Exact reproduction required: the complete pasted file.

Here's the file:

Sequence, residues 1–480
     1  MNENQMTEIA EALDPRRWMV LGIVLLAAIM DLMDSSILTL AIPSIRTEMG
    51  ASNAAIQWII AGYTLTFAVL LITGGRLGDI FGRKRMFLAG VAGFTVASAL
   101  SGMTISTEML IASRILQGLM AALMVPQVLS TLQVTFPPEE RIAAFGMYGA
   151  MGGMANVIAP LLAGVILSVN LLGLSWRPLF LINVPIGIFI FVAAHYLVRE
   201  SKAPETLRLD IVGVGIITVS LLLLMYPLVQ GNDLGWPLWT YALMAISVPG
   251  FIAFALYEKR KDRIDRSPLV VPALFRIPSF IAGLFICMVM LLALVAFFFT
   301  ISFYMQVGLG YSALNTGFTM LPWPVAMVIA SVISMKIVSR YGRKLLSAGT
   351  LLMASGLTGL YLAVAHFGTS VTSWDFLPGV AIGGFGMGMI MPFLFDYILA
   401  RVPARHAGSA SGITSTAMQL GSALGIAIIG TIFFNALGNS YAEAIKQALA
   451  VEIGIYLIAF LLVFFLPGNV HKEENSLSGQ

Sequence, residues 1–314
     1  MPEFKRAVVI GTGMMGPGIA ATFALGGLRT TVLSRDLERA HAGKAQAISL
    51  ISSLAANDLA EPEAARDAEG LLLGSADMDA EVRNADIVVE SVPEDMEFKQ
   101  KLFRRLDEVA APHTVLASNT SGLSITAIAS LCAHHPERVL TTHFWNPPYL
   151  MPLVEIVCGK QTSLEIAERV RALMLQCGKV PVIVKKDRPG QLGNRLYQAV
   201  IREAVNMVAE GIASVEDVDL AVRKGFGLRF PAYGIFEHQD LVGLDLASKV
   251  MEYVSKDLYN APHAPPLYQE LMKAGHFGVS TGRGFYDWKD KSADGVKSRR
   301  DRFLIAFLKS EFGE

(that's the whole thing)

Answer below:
Sequence, residues 1–480
     1  MNENQMTEIA EALDPRRWMV LGIVLLAAIM DLMDSSILTL AIPSIRTEMG
    51  ASNAAIQWII AGYTLTFAVL LITGGRLGDI FGRKRMFLAG VAGFTVASAL
   101  SGMTISTEML IASRILQGLM AALMVPQVLS TLQVTFPPEE RIAAFGMYGA
   151  MGGMANVIAP LLAGVILSVN LLGLSWRPLF LINVPIGIFI FVAAHYLVRE
   201  SKAPETLRLD IVGVGIITVS LLLLMYPLVQ GNDLGWPLWT YALMAISVPG
   251  FIAFALYEKR KDRIDRSPLV VPALFRIPSF IAGLFICMVM LLALVAFFFT
   301  ISFYMQVGLG YSALNTGFTM LPWPVAMVIA SVISMKIVSR YGRKLLSAGT
   351  LLMASGLTGL YLAVAHFGTS VTSWDFLPGV AIGGFGMGMI MPFLFDYILA
   401  RVPARHAGSA SGITSTAMQL GSALGIAIIG TIFFNALGNS YAEAIKQALA
   451  VEIGIYLIAF LLVFFLPGNV HKEENSLSGQ

Sequence, residues 1–314
     1  MPEFKRAVVI GTGMMGPGIA ATFALGGLRT TVLSRDLERA HAGKAQAISL
    51  ISSLAANDLA EPEAARDAEG LLLGSADMDA EVRNADIVVE SVPEDMEFKQ
   101  KLFRRLDEVA APHTVLASNT SGLSITAIAS LCAHHPERVL TTHFWNPPYL
   151  MPLVEIVCGK QTSLEIAERV RALMLQCGKV PVIVKKDRPG QLGNRLYQAV
   201  IREAVNMVAE GIASVEDVDL AVRKGFGLRF PAYGIFEHQD LVGLDLASKV
   251  MEYVSKDLYN APHAPPLYQE LMKAGHFGVS TGRGFYDWKD KSADGVKSRR
   301  DRFLIAFLKS EFGE